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FTY720 prolongs clear corneal allograft survival with a differential effect on different lymphocyte populations
  1. K Mayer1,
  2. F Birnbaum1,
  3. T Reinhard2,
  4. A Reis1,
  5. S Braunstein3,
  6. F Claas4,
  7. R Sundmacher1
  1. 1Eye Hospital, Heinrich-Heine University, Duesseldorf, Germany
  2. 2Eye Hospital, Albert-Ludwigs University, Freiburg, Germany
  3. 3Departement of Pathology, Heinrich-Heine University, Duesseldorf, Germany
  4. 4Department of Immunohematology and Blood Transfusion, Leiden University Medical Center, Leiden, The Netherlands
  1. Correspondence to: Dr K Mayer Eye Hospital, Heinrich-Heine University, Moorenstr 5, 40225 Düsseldorf, Germany; Klaus.mayeruni-duesseldorf.de

Abstract

Background: FTY720 is a potent immunomodulator with unique effects on lymphocyte homing and has recently proved to be safe and effective in renal transplantation in man. The authors investigated the potency of FTY720 in inhibiting allograft rejection in the rat model of orthotopic allogeneic penetrating keratoplasty.

Methods: Penetrating keratoplasties were performed using Fisher rats as donors and Lewis rats as recipients or donors: group 1 (n = 10), allogeneic control; group 2 (n = 10), Lewis/Lewis syngeneic control; group 3 (n = 9), mycophenolate mofetile (MMF) 40 mg/kg; group 4 (n = 10), FTY720 1.2 mg/kg; group 5 (n = 8), FTY720 0.3 mg/kg. Four animals from each group were sacrificed for immunohistological evaluation on day 14. Medication in the therapy groups was given for 18 days.

Results: The mean (SD) rejection free graft survival time was 11.3 (0.8) days for the allogeneic control (group 1), 24.6 (2.5) days for group 3 (MMF), 44.5 (5.7) days for group 4 (FTY720 1.2 mg/kg), and 35.3 (5.7) days for group 5 (FTY720 0.3 mg/kg) (p<0.05). The allogeneic control showed a dense infiltration with CD4+, CD8+, CD161+ (NK-cells), CD25+ (IL2 receptor), and macrophages. In the therapy groups the density of infiltrating CD4+, CD8+, CD161+ (NK-cells), and CD25+ (IL2 receptor) cells was notably reduced compared with the allogeneic control (p<0.05). In group 5 however, the reduction of infiltration by CD4+ cells was higher than the reduction of infiltration by CD8+ (p<0.05) and CD161+ (NK) cells.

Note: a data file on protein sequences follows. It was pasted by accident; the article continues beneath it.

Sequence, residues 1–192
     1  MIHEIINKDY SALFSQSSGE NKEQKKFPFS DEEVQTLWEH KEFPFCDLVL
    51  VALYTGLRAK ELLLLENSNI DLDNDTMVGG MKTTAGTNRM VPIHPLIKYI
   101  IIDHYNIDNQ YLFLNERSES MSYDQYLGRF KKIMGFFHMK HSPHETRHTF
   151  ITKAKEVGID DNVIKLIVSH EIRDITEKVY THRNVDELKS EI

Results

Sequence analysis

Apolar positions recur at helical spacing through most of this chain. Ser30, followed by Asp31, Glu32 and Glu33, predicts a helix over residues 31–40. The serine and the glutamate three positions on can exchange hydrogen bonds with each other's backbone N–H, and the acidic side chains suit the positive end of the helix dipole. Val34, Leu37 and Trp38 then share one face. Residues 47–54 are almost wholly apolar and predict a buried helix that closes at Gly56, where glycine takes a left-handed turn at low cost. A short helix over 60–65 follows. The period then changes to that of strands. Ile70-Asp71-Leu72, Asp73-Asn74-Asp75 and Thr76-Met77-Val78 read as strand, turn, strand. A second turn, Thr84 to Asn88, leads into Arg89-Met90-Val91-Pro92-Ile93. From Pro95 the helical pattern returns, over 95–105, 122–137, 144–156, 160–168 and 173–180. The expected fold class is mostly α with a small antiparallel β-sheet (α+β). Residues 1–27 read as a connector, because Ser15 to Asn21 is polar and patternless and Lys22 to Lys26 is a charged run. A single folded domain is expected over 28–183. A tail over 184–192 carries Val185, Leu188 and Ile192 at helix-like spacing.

Discussion: Oral immunosuppression with FTY720 significantly prolongs corneal allograft survival in this transplant model. The results suggest that FTY720 has a different effect on certain lymphocyte populations. CD4+ cells seem to be more affected than CD8+ cells and NK-cells.

  • BSS, balanced salt solution
  • MMF, mycophenolate mofetil
  • keratoplasty
  • FTY720
  • immunosuppression
  • graft rejection
  • BSS, balanced salt solution
  • MMF, mycophenolate mofetil
  • keratoplasty
  • FTY720
  • immunosuppression
  • graft rejection

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The novel immunomodulator FTY720 is a synthetic structural analogue of myriocin, a metabolite of the ascomycete Isaria sinclairii.1 It has a remarkable potency in inhibiting rejection of allografts in various experimental animal models2–7 and has recently proved to be safe and effective in renal transplantation in man.8–10 The protective effect correlates with a sequestration of lymphocytes from the peripheral circulation to lymph nodes and Peyer’s patches, leading to a reduced infiltration into inflammatory sites and grafted organs. Unlike the currently used immunosuppressive agents FTY720 does not inhibit T cell activation and proliferation and in rodent models does not impair immunity to systemic viral infection.3,4,11,12 It could be shown that an enhanced lymphocyte migratory response to chemokines may be a main cause of FTY720 induced lymphocyte sequestration.13,14 Recent results suggest that FTY720, after phosphorylation, acts through sphingosine 1-phosphate signalling pathways to modulate chemotactic responses and lymphocyte trafficking.15,16

We investigated the potency of FTY720 in inhibiting allograft rejection in the rat model of orthotopic allogeneic penetrating keratoplasty.

MATERIAL AND METHODS

Animals

Forty seven allogeneic orthotopic penetrating keratoplasties were performed using Fisher rats (RT1lv1) as donors (in the allogeneic groups) and Lewis rats (RT1l) as recipients (in all study groups) or donors (in the syngeneic group). All animals were females, weighing 180–220 g. The animals were obtained and cared for in accordance with the Directives of the European Community as well as with the recommendations of the National Institutes of Health’s Guide for the Care and Use of Laboratory Animals, NIH Publication Number 85–23 (revised 1985).

Operative technique

We performed an orthotopic penetrating keratoplasty according to the technique of Herbort et al.17 Mydriasis in the eyes of both the donors and the recipients was achieved by local application of phenylephrine-HCL 10% eyedrops (Neosynephrin-POS, Ursapharm). These eyedrops were administered three times at intervals of 10 minutes before the operation. Thereafter, the donors were killed and corneal grafts were obtained using a 3.5 mm trephine. Until implantation, donor buttons were stored at room temperature for approximately 20 minutes in a conservation medium for corneas (Biochrom, Berlin, Germany).